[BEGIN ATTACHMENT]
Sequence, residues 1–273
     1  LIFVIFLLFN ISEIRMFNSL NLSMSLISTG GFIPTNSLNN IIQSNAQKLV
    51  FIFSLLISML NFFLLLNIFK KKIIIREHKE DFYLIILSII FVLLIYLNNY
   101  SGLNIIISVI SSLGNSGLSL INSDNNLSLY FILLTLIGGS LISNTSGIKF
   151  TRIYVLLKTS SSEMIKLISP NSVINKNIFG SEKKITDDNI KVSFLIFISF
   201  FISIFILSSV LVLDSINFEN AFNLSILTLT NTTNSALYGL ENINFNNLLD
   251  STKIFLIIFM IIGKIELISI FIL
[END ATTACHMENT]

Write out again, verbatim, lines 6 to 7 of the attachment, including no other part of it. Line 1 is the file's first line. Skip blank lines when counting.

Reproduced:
   201  FISIFILSSV LVLDSINFEN AFNLSILTLT NTTNSALYGL ENINFNNLLD
   251  STKIFLIIFM IIGKIELISI FIL